PWM through I2C

Hi, brand new to the forum. Have been playing with Xojo for a few weeks. RPi a few weeks longer than that.

While I’m new to Xojo and RPi, I have done some programming in Visual Basic back in the day, as well as industrial automation, more so PLC’s, and also CoDeSys.

I bought the “I wish I knew how to…” book, and have gone though a lot of it. In the I2C section, I didn’t really see an example that applied to what I was trying to do. Trying to output a PWM signal for LED dimming through a PCA9685 that’s on a Waveshare Fan HAT (

Any pointers of where to start on that would be great. I already have my GUI and all variables to go with that already set up. I have a scale of 0-100 for my output value, but obviously that will need to be scaled for output to the PCA9685.

Ha. well as a lapsed electrical engineer, PWM is something I’d let a motor controller (ie hardware) handle directly, those things are cheap as chips (literally) and have outputs to suit whatever the load is (AC/DC motor, stepping motor, heater, fan etc). These can include inputs for a position encoder or tachometer to provide closed-loop feedback, even complete PID control. The RPi would then only need to set a direction bit and speed or position setpoint in whatever format the motor controller used - analog (4…20mA, 0…5V, 0…10V etc) or digital (8 or 16 bits) and let the controller do the rest.

No need to waste CPU time doing something hardware does perfectly well, and in some cases better.

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I may not have been 100% clear with my description. I guess I’m not sending a PWM signal TO the HAT, but using it to generate the PWM signal. The reason for using this HAT is that it outputs a 5v signal, which works better than 3.3v from the GPIO pins, for the MOSFETs that I’m using to drive the LEDs.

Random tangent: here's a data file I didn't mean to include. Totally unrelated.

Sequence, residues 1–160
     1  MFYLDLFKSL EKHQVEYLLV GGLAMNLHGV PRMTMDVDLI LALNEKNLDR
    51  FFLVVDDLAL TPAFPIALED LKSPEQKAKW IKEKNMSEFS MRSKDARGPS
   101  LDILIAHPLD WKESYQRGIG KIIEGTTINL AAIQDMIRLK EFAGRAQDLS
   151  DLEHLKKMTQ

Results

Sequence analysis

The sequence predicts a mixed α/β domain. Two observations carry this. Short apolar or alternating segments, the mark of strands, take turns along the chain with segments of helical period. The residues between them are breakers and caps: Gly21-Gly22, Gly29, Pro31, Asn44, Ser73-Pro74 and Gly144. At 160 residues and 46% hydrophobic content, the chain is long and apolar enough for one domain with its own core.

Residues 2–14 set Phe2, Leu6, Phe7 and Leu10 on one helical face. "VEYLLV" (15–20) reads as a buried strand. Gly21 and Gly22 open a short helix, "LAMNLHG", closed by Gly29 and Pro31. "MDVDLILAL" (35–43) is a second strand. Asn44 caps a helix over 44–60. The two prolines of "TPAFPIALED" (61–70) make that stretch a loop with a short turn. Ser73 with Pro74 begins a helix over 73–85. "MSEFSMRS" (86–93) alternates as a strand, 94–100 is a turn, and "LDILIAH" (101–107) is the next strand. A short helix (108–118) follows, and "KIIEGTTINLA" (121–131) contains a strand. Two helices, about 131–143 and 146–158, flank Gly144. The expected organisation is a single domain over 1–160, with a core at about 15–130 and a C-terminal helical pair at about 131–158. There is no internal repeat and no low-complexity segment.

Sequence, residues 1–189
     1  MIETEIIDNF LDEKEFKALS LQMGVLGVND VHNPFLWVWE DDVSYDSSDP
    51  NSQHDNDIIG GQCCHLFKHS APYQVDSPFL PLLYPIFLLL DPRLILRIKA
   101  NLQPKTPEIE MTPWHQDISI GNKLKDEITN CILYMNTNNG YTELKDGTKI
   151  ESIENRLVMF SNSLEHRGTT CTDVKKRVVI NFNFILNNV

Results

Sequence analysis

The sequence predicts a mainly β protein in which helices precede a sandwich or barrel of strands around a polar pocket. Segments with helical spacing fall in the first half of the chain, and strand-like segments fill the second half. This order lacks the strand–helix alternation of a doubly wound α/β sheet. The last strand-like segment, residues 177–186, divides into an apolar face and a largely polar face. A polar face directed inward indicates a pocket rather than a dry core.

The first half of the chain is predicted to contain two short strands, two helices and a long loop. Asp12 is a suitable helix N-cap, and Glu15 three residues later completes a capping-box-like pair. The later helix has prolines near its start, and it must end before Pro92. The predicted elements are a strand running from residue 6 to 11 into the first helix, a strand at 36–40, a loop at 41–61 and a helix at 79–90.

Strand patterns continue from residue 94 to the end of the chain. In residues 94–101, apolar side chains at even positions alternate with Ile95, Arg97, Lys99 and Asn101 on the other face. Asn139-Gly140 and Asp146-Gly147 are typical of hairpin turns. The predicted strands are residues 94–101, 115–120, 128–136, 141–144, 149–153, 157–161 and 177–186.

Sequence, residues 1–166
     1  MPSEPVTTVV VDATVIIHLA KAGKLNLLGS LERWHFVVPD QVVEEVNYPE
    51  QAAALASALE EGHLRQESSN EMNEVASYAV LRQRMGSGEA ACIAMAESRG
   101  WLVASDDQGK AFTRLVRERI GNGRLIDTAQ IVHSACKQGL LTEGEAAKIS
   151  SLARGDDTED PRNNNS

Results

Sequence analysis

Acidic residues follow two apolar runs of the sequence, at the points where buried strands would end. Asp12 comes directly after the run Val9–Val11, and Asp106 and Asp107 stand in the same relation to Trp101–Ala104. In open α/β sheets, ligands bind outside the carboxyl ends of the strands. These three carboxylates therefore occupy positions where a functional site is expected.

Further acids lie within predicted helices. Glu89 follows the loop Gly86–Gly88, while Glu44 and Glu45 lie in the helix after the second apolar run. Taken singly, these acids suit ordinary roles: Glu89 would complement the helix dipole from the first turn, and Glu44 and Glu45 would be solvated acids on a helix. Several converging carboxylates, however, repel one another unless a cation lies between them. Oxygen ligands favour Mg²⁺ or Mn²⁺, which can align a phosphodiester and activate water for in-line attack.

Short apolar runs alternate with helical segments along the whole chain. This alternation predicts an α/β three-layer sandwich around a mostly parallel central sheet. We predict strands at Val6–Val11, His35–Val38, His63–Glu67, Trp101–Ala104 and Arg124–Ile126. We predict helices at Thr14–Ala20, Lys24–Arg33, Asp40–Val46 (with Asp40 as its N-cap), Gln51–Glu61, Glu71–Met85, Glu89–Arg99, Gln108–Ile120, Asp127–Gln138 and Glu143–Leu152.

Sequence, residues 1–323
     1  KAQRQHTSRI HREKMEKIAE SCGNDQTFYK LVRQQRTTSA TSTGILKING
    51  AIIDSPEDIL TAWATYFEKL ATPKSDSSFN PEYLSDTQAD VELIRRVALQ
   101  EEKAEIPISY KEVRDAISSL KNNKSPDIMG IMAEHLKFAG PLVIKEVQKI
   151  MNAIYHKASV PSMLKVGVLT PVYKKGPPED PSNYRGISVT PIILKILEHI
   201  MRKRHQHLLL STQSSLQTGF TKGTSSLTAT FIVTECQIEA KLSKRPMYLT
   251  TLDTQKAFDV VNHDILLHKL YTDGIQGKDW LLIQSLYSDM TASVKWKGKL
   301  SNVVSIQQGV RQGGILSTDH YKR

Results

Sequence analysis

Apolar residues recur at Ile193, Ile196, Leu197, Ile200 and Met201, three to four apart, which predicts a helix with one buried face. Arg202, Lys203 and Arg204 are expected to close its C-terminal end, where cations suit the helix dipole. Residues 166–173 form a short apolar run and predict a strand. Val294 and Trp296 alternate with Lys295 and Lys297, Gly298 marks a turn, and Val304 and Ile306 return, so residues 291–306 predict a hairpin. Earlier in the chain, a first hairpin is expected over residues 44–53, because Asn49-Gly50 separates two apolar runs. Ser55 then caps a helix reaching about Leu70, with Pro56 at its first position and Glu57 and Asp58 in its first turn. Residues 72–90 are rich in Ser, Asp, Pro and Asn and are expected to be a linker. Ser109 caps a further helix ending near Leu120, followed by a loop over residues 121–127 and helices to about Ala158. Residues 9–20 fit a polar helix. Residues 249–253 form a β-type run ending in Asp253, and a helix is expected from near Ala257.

After looking for information on the FanHat, it appears that a driver needs to be created in Xojo to command the hat. I am not sure how the commands work with this unit, and some data is available at:
WaveShare Information

One option is to convert an existing driver (possibly written in c?) and convert it to Xojo. I have written a few drivers for other boards, and it can be quite an involved process.

Warm regards.

Thanks for the reply Eugene.

I guess I was under the impression that I2C was essentially just a simple serial communication connection that can send/receive data from different stand alone cards/devices on the connection. Using that device’s address, and then essentially specify a register within that address to read from/write to. That addressed device then executes some function dictated by the information written, or updates that information continuously by it’s function ready to be read again. Is this not how I2C works?

Is interfacing code different for every different device? I thought that was the whole purpose of having one standard communication bus. Can the standard methods contained within pigpio not accomplish this? If not, I guess I’ve been assuming a bit too much.


Hello Rudy,

Yes, you are correct that this is the way that it works. The issue is what information is needed to be sent and how to decode the information that has been received?

When working with third-party electronics, I often need to contact the people who made the board to understand how and what communication is needed.

An oversimplified example is:

  1. I2C handshake
  2. send information (what kind of information, Such as display the temperature, increase speed of fan, check voltage, etc?)
  3. Receive information from I2C (Does this confirm fan speed, or provide a binary value of the temperature (in C or F?), and what other information is being sent).

Possibly discuss the communication with the manufacturer to get more information, or possibly rewrite the Python or C code to write a driver in pigpio. Unfortunately, these multi-function devices are typically not easy to recreate the driver.

I usually find that it is much easier to design my own Raspberry Pi Hat with the logic explained in the book, than to rewrite some of the drivers. Its similar to having a button in a program that can turn on the security of a house. Having the button (I2C communication) is the easy part, programming the inter-connected parts, wiring, and code is the challenging part. This may include photos, video, audio, face identification, doors, locks, and much more than a simple button.

Does this possibly help explain it a little more?

That is like saying DNS, telnet, ftp, smtp, shttp, etc should all use the same commands and behave the same because they use a standard communication protocol, tcpip